This is an idea that only could be written by a woman who dismisses personal responsibility as a guide to action. Susan Faludi, in her best-selling book Stiffed, seeks to put the blame everywhere but at the center of a man’s character. She accuses both feminists and the family-values folk for cutting the male down to size.

Feminists, according to her thesis, say that men are threatened because they must confront female dominance. Conservatives, by her lights, say that feminist demands for equal rights really are a disguise for dismantling the male apparatus both personally and publicly. As a result the American Man is unhinged, undesirable and underfoot. So Faludi has written 662 pages to update T.S. Eliot’s observations in “The Hollow Men”:

We are the hollow men
We are the stuffed men
Leaning together
Headpiece filled with straw.

Faludi’s prose is not quite so poetic, but here’s her description of the astronauts, representative heroes of the nation: “They were painfully aware of how little control they had. ‘Spam in a can’ was the derisive term for the Mercury program at Edwards Air Force Base. … The astronauts were prepped for surrender—to the rocket thrusters, to the g-forces, to weightlessness, to the shepherd’s hook lowered from a helicopter that would collar them on splashdown.”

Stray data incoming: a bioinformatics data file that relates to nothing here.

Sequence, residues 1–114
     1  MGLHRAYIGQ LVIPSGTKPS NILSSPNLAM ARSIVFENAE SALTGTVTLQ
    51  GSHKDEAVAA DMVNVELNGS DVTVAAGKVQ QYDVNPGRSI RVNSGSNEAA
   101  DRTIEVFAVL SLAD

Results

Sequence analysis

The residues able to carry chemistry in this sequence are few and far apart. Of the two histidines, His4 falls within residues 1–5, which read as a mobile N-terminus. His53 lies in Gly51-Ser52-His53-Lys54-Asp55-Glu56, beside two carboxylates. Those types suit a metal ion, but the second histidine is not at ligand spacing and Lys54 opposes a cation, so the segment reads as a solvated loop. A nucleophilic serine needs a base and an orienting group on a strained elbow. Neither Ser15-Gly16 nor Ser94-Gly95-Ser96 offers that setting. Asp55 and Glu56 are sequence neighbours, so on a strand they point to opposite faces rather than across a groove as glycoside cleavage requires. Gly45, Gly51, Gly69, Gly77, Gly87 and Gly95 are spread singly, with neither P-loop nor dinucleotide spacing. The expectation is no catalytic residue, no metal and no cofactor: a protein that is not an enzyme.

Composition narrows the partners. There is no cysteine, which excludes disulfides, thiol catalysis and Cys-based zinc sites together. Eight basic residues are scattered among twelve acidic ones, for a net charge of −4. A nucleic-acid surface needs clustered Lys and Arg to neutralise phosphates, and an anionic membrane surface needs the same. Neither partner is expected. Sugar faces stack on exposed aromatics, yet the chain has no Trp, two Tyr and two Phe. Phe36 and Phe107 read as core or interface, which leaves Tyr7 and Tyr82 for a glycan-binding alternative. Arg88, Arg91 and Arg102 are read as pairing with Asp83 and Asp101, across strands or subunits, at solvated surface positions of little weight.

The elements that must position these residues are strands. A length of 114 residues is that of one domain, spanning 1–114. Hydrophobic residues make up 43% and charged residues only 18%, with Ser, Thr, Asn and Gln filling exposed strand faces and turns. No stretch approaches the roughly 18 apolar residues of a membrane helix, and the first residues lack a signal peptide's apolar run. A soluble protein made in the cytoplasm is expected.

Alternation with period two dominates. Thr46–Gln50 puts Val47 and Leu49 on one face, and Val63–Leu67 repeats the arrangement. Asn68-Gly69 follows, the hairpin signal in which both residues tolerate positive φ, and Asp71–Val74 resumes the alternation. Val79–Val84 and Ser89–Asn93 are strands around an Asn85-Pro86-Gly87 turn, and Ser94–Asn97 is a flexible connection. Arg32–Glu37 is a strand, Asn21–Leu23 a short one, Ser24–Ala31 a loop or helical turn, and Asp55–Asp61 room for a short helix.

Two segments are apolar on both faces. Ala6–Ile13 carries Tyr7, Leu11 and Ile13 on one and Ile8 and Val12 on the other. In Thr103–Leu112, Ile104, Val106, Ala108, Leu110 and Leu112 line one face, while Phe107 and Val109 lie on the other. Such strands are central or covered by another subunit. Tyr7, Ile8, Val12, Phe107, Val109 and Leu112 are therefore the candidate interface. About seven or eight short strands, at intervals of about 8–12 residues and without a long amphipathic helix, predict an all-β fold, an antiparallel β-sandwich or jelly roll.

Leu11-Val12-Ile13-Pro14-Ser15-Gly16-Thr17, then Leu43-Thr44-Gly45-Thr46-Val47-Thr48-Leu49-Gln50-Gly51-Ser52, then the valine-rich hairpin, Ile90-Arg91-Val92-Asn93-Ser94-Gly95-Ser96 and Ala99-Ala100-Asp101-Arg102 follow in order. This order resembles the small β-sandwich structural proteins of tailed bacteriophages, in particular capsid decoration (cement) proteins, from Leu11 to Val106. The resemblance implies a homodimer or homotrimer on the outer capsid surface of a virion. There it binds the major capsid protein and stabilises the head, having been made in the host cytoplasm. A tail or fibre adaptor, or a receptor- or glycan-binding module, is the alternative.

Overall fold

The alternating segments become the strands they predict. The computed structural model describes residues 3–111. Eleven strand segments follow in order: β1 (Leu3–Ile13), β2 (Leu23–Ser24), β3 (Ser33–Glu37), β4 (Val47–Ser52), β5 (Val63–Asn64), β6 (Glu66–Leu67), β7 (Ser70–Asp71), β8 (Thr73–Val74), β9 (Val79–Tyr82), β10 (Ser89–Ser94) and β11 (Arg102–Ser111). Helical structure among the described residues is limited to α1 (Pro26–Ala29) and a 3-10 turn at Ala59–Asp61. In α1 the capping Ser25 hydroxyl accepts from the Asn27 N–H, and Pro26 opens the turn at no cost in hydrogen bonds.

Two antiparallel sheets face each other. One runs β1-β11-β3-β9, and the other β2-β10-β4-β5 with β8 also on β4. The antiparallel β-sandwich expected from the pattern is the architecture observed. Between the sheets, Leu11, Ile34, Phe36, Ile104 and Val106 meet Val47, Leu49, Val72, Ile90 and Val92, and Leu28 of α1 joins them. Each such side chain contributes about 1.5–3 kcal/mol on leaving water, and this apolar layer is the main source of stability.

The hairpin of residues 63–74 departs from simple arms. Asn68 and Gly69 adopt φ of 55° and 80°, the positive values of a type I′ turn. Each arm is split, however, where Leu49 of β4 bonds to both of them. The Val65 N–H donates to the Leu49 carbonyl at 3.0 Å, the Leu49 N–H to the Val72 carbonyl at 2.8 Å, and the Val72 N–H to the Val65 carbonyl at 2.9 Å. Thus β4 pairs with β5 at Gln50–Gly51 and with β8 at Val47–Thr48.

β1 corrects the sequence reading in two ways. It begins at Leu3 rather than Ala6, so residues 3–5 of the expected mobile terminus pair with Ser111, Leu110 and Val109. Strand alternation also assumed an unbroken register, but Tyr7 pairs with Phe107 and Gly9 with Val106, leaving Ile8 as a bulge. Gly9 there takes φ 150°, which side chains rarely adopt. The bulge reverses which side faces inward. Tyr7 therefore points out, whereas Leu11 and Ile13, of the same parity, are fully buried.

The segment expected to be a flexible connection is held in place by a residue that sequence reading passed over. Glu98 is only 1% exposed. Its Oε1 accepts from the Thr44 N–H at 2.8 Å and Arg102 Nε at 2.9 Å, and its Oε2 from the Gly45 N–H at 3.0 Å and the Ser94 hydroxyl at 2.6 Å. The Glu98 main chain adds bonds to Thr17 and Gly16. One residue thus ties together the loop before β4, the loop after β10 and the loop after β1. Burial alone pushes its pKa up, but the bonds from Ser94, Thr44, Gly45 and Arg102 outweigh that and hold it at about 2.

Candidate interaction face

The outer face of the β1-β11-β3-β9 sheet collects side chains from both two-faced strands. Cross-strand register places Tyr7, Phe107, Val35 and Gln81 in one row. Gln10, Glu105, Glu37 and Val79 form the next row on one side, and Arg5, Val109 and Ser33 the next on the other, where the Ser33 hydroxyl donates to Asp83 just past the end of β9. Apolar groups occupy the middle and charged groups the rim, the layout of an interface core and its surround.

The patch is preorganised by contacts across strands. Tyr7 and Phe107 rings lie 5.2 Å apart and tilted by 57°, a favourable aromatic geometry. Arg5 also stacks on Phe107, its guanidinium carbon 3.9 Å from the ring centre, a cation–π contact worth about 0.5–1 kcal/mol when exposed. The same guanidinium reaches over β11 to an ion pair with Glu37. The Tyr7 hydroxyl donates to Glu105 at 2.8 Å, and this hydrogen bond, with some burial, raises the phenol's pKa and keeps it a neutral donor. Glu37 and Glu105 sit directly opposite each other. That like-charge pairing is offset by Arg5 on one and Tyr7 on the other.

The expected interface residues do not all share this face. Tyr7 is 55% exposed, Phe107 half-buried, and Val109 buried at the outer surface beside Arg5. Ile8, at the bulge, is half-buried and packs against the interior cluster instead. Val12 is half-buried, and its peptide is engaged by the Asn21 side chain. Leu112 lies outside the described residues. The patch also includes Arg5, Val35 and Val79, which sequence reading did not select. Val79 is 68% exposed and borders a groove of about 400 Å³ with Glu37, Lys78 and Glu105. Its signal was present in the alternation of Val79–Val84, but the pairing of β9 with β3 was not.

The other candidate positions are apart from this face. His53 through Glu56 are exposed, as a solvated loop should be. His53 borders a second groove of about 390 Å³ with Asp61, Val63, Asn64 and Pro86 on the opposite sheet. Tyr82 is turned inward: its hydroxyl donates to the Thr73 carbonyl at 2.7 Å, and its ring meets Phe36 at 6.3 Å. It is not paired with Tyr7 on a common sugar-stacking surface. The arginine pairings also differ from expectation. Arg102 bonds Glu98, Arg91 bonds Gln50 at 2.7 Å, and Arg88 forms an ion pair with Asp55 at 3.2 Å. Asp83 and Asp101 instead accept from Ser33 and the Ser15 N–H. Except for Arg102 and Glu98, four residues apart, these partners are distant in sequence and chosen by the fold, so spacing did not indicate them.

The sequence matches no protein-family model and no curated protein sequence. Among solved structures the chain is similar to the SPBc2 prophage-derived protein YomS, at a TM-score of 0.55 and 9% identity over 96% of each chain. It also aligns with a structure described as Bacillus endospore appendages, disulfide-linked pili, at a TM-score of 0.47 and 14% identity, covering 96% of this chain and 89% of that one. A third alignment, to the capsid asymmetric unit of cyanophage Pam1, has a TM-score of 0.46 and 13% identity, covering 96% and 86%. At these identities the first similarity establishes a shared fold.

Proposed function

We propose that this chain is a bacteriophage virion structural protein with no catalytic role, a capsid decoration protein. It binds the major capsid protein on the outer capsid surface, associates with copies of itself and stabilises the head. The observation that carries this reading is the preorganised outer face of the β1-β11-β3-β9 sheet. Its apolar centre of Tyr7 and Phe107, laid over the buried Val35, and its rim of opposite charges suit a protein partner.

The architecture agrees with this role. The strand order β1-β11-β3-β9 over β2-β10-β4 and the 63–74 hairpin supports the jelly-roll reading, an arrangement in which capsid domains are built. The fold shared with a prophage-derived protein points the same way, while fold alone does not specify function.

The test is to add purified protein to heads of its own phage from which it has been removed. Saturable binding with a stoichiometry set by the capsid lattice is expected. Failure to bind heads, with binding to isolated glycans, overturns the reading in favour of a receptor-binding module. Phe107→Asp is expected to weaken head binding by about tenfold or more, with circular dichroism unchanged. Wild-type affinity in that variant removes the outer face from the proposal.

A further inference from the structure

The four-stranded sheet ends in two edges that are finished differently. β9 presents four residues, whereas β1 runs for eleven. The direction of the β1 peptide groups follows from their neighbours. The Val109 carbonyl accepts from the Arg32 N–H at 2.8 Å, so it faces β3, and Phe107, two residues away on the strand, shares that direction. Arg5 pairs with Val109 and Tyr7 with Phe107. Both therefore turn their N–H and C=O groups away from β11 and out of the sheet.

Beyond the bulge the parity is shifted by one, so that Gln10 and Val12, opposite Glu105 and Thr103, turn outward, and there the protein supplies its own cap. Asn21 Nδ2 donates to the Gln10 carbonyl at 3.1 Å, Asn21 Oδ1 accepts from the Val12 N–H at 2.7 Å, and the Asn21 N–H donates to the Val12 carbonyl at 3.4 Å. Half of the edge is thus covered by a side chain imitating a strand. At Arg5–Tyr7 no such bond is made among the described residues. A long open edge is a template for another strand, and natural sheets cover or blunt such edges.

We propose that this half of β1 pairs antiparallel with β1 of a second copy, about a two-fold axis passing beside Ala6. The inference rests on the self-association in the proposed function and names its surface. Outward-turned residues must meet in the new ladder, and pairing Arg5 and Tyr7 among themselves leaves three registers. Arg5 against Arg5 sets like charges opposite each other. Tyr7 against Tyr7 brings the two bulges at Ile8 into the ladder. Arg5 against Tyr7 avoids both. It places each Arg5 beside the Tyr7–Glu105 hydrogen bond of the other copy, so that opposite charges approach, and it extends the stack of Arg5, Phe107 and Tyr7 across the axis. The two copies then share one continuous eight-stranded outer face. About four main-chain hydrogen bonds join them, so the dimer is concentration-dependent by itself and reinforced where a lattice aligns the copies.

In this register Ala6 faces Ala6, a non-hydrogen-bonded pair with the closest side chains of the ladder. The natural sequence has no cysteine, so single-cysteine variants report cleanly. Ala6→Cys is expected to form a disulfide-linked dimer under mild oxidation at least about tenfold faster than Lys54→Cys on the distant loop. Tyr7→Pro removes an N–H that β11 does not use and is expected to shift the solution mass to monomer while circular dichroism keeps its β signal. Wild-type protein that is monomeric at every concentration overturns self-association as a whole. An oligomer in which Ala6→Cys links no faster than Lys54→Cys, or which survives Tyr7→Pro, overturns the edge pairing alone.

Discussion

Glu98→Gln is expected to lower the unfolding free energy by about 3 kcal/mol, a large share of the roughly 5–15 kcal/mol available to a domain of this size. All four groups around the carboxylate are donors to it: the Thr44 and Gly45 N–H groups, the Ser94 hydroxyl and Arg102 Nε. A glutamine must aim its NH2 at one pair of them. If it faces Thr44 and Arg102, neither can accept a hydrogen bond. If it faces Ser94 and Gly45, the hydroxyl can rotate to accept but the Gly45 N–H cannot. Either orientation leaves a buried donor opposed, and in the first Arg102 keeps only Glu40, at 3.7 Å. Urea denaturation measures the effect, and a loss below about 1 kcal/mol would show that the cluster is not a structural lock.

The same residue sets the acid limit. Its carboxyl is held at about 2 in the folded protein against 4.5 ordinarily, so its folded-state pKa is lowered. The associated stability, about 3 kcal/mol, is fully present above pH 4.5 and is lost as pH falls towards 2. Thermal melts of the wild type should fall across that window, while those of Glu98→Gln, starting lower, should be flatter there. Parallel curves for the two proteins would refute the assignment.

In other words, the astronauts were merely passive creatures pushed around by controlling men—men at the controls—at the command station on earth. An astronaut was by default a “ghost of celebrity.”

That makes men at the controls real heroes, doesn’t it?

But wait. A thesis is a thesis. So Faludi continues her update of Eliot on men as dead souls. Eliot writes:

Our dried voices, when
We whisper together
Are quiet and meaningless
As wind in dry grass.

Of men who suffer their meaninglessness together, Faludi finds the Promise Keepers, those athletic types who want to turn their lives around. The Promise Keepers I have met blame themselves in their search for their failures, but as a self-appointed surrogate for them she blames the economy and a competitive culture that made them treat women badly.

“They hoped that from the ashes of one male institution, the football stadium that had once promised male communion but was now one big consumer billboard, might rise another more traditional and thus more solid one,” she writes.